|A few days before his death, Pierre was cautiously
optimistic about the progress he and Marie were making in their
attempt to make precise measurements of the radioactive gas
that radium emitted. He also thought of returning to the studies
of crystal symmetries he had set aside when their joint work
began. (Photo ACJC)
A Fatal Accident
WAS SEEMING A BIT ROSIER to Pierre Curie in the spring of 1906.
During the family's recent Easter holiday in the country, he had
enjoyed watching the efforts of 8-year-old Irène to net butterflies
and of 14-month-old Eve to keep her footing on the uneven turf.
More crucially, perhaps, Pierre had become involved in his work
Pierre Curie's agenda
for Thursday, April 19, 1906, was that of a man fully engaged in both
professional and social life. After a luncheon of the Association
of Professors of the Science Faculties, he was scheduled to go over
proofs with his publisher and to visit a nearby library. He was looking
forward to entertaining a number of fellow scientists at the Curie
home that evening.
CURIE WAS NOT FATED to complete that day's activities. After
working in the laboratory all morning, he braved the heavy rain,
umbrella in hand, and traveled across Paris to his luncheon meeting.
There he spoke forcefully on a number of issues that concerned him,
including widening career options for junior faculty and drafting
legal codes to help prevent laboratory accidents.
After the meeting
was over he headed out toward his publisher in the rain, only to
find that the doors were locked because of a strike. Hurrying to
cross the street, he was run over by a horse-drawn wagon with a
load of military uniforms, weighing some six tons. He was killed
|When Pierre's father learned that his son
had been killed crossing a Paris street in traffic on a rainy
day, he said, What was he dreaming of this time?
(Painting by Childe Hassam, 1893)
wasn't careful enough when he was walking in the street, or
when he rode his bicycle. He was thinking of other things.
--Pierre Clerc, the Sorbonne lab assistant who identified
© 2000 -
American Institute of Physics
DID NOT LEARN the news that would transform her life until that
evening. In shock, she began to attend to the necessary arrangements.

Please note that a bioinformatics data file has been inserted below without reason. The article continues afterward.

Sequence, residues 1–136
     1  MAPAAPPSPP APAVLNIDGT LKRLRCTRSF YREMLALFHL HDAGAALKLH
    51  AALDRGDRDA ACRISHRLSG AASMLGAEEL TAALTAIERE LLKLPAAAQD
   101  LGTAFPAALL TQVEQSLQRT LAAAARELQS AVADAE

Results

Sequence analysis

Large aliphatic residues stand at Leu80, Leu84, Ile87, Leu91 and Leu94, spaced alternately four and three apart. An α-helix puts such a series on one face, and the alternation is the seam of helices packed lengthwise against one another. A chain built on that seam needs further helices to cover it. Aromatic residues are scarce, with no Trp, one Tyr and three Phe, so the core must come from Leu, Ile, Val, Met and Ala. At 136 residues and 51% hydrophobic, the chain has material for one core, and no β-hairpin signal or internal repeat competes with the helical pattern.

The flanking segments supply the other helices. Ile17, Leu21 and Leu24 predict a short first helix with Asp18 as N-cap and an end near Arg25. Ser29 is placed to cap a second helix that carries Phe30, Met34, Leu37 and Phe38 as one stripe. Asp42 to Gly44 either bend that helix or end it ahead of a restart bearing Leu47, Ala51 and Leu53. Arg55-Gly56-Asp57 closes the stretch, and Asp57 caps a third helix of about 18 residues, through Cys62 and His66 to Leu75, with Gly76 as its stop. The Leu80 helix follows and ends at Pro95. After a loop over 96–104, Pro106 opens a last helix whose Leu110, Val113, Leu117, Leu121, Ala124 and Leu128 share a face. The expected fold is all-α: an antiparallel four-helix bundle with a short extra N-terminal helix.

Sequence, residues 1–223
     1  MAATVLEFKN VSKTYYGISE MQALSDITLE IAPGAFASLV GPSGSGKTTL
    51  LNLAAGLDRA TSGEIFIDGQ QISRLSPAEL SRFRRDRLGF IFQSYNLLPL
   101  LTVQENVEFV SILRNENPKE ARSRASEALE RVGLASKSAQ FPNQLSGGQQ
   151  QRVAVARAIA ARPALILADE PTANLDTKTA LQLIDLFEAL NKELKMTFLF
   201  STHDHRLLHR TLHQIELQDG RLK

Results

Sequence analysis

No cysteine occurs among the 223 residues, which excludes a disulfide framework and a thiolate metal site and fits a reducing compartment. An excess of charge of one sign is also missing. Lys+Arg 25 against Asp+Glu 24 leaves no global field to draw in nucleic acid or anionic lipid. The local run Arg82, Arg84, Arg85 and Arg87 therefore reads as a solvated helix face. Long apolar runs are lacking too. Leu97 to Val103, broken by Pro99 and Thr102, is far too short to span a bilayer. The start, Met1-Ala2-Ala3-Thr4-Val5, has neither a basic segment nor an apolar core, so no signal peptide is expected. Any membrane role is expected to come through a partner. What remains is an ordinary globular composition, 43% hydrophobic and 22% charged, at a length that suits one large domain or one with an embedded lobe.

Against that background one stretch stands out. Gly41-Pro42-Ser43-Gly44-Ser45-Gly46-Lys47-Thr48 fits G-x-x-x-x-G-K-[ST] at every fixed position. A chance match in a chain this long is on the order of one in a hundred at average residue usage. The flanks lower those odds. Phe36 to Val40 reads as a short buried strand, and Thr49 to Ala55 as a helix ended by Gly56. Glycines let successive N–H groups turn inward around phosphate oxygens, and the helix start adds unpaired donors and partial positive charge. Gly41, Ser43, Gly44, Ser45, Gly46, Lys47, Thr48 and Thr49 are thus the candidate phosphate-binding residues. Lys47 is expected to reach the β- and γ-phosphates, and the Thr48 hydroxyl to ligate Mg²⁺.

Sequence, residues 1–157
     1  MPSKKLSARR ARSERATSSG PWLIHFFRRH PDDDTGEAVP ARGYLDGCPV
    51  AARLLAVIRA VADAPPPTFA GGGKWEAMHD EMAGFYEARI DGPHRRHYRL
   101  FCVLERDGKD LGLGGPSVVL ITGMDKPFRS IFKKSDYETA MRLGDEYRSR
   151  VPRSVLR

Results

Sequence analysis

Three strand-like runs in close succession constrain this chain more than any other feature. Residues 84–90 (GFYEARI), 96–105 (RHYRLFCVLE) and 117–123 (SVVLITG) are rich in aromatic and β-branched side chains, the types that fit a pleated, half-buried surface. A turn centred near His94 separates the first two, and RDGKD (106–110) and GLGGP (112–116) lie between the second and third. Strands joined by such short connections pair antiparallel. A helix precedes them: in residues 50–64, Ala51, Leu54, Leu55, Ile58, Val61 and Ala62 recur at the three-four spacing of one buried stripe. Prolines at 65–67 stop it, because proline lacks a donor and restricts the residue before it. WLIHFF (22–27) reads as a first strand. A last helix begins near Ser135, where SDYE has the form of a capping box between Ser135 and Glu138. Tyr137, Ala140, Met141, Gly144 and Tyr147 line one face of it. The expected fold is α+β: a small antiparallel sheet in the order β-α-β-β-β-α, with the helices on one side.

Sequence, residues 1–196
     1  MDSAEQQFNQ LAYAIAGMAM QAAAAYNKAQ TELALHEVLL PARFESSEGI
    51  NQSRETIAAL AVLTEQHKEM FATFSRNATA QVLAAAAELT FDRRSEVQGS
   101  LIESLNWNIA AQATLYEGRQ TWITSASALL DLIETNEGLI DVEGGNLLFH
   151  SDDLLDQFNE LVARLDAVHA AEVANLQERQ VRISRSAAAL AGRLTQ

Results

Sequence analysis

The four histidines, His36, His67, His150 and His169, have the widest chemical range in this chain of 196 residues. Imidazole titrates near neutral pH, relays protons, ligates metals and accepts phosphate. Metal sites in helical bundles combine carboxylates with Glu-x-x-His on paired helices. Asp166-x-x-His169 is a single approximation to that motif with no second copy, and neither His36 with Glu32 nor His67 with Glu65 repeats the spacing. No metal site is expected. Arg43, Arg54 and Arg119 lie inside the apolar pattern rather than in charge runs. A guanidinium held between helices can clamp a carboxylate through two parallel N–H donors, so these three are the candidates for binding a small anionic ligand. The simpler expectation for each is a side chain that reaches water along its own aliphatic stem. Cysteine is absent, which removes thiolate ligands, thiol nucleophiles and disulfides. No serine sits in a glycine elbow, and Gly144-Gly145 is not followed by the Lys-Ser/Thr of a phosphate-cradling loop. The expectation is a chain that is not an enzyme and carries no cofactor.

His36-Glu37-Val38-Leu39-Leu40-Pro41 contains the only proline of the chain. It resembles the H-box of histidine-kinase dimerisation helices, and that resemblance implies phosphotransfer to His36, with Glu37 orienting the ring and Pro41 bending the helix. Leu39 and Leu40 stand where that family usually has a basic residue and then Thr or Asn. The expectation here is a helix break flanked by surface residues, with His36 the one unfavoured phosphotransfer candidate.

She sent Irène next door to spend a few days with the neighbors, telegrammed
the news to her family in Poland, and arranged to have the body brought
to the house. Only after Pierre's older brother, Jacques, arrived
the next day from Montpellier did she break down briefly. The news
of Pierre Curie's death was carried in newspapers around the world,
and Marie was inundated by letters and telegrams.
The day after the
funeral was notable for two reasons. Encouraged by Jacques, Marie
returned to her work. Also, Jacques informed Marie that the French
government proposed to support her and the children with a state
pension. Marie was adamant in her refusal, insisting that
she was perfectly capable of supporting herself and the children.
by the blow, I did not feel able to face the future. I could not
forget, however, what my husband used to say, that even deprived
of him, I ought to continue my work.
If Marie was firm
in rejecting the government's offer of support, she was less certain
how to respond to an unexpected offer from the Sorbonne. On May
13, 1906, the university invited her to take up Pierre's academic
post. By doing so, she hoped, she could one day establish, as a
tribute to Pierre's memory, a state-of-the-art lab such as he had
never had. It was not enough to be a teacher and researcher. She
would have to learn how to create a scientific institution.
(above) Marie on the balcony of the Dluski
apartment on rue d'Allemagne, Paris. In the diary Marie began
11 days after Pierre's death, she described putting a copy
of this picture in Pierre's coffin: it was the picture
of the one you chose as your companion.... (Photo ACJC)
|Curie family gravestone. Pierre was
buried with his mother in the Curie family plot in Sceaux,
on the outskirts of Paris, where eventually his father
and Marie joined them. Many years later Pierre and Marie
were reinterred in the Panthéon, the national sepulcher
for the most eminent French citizens. (Photo ACJC)